Every Four Years
Every four years it happens, and we prepare ourselves.  We find ourselves bracing for an onslaught of political ads on television, plastered on billboards, stuck to bumpers, printed on T-shirts, written across bare-bellies walking down the street and even written across the sky. While displays of political preference are always a point of conversation, during election years, and especially as election day approaches, the topic becomes much more top-of-mind.  It is worth noting that, seemingly, both the quantity and intensity of these ads have increased in recent years. Never to be outdone, 2020 promises to be quite a ride.  So with all of the stress and discomfort that the political climate can induce, some are left asking, do these displays of political support belong in our communities?

The Problem?                                                                                                          Some would argue that a street where the lawns are covered in political slogans and signs touting one candidate or another takes away from the overall aesthetic of the neighborhood, something that the HOA has a vested interest in upholding.  Some suggest that the presence of these signs, and the clear expression of the political views of residence can create a tense environment, potentially putting one neighbor against another, disturbing the peace within the community, and negatively affecting the lives of those who inhabit it.  Because of these reasons, among others, some associations seek to eliminate political signage from their streets.  

What are the Rules?
Really, it is up to the state.  While your association may be very clear in its wording as to whether or not such signs are allowed, it is actually the state that has the final say.  States likeTexas and Washington have put forth legislation preventing HOAs from prohibiting signs that promote a specific politician or ballot measure. However, it is important to note that these signs, while they cannot be outright banned, can be regulated.  So what does that mean, exactly?  Well, Your HOA may not be able to tell you that you cannot place a sign of support for your chosen candidate in your yard, but they CAN require that it does not contain language or imagery that would be considered to be offensive to the average person.  They may also be able to set strict parameters around the size, number of signs on your property, as well as their placement and the way in which they are affixed.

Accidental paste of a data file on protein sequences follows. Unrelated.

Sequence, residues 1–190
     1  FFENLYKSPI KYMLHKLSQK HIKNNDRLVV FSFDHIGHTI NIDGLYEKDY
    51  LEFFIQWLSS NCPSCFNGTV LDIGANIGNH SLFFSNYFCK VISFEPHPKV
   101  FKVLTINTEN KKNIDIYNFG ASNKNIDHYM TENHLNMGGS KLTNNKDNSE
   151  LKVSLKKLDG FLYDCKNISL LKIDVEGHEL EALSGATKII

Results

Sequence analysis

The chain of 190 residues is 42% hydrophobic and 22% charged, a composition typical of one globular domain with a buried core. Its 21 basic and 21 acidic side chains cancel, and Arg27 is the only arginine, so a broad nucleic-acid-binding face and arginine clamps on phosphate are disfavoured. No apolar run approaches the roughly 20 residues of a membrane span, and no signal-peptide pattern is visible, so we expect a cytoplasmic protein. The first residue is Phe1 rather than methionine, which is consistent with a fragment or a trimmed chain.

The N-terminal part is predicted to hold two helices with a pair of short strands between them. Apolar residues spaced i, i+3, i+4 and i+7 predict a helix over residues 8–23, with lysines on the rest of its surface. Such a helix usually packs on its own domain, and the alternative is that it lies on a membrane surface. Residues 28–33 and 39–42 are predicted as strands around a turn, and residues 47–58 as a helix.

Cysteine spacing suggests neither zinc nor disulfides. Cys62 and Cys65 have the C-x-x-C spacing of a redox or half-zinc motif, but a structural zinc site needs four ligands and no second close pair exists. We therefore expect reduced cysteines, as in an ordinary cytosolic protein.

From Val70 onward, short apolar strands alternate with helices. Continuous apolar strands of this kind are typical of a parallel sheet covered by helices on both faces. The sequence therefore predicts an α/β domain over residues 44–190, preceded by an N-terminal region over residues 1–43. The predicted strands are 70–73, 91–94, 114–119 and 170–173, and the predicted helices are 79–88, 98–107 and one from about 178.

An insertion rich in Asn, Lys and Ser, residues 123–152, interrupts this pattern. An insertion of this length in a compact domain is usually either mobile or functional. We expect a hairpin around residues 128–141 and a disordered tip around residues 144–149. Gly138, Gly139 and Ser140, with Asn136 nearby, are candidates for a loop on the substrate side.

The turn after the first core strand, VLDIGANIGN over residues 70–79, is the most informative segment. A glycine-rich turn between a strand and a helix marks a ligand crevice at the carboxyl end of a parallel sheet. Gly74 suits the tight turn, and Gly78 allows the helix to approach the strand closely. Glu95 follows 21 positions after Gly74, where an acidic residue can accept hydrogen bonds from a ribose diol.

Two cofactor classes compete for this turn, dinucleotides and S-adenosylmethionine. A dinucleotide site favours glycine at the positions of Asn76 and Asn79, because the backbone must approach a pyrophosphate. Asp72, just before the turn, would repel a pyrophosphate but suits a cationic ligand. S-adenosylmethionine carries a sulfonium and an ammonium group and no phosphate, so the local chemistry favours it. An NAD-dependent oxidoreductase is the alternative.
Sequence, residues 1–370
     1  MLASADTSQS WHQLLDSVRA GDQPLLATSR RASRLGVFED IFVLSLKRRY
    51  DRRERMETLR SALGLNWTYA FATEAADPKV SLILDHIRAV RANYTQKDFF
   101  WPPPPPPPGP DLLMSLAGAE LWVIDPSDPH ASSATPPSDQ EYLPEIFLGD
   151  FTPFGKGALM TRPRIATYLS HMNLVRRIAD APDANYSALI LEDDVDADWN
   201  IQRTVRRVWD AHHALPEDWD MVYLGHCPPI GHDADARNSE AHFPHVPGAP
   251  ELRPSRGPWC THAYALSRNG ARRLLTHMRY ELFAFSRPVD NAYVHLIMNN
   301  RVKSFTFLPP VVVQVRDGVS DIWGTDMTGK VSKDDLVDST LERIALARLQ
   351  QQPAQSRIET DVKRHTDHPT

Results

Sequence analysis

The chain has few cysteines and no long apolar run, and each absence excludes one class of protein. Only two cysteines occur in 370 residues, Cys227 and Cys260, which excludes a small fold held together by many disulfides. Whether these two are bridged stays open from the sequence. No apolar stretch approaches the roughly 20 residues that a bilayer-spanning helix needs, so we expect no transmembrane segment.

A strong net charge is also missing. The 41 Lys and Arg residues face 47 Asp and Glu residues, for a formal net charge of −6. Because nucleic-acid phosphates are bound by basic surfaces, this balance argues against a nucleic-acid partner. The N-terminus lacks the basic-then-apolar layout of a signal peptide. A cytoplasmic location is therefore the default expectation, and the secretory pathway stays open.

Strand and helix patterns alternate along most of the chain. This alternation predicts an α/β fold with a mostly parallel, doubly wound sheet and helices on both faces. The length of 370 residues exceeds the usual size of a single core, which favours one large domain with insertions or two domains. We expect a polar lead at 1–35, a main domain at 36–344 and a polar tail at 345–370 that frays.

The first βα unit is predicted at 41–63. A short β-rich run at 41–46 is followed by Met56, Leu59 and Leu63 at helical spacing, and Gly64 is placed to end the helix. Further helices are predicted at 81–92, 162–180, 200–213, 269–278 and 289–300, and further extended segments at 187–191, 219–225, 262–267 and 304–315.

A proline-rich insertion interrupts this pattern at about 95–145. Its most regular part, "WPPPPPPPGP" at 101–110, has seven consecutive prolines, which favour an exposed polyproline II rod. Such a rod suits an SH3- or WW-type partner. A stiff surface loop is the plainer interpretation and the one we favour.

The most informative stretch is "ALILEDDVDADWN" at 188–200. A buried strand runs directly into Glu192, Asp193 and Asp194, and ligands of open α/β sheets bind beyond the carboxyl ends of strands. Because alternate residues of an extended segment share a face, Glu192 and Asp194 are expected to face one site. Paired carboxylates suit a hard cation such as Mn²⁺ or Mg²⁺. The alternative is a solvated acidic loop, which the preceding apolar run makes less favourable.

But it’s my Right, isn’t it?
What about signs that express support for a movement, idea or form of activism, rather than a specific politician.  This can get a bit more confusing.  In Colorado, the state law deems that HOAs cannot ban political signs, but they can develop rules regarding any other type of sign.  In Erie, Colorado, 30 or so residents of the Erie Village neighborhood received notices stating that their yard signs, all containing messages promoting social justice/activism, be immediately removed from their yards or they would incur fees.  Kristi Shot, one community member that received such a warning told a local news outlet that felt that the association’s choice to single out these signs was, “outrageous.”   She went on to explain that other neighbors had placed a variety of signs in their yards, including signs celebrating recent graduates and signs for security companies, among others, but that only the community members who displayed signs supporting Black Lives Matter or other unity signs were asked to remove them.  When the president of the HOA was asked about the decision, he claimed that he was also upset by this and placed the blame on the management company.  After receiving such negative attention, the management company decided to suspend any fines associated with the sins until December 1st.  

The Takeaway
Do your research and, this time, you may have to dig a bit deeper.  It is important to know what your individual state has put forth, in terms of edicts surrounding political signage, in addition to the regulations written into the documents that govern your HOA.  If you find yourself at odds with your association, it could be useful to know how other associations in your state have handled such matters.  

Maas, Brain, and Katie Weis. “Residents Appalled After HOA Orders Removal Of BLM Yard Signs.” CBS Denver, 24 Sept. 2020, 11:16am, Residents Appalled After HOA Orders Removal Of BLM Yard Signs.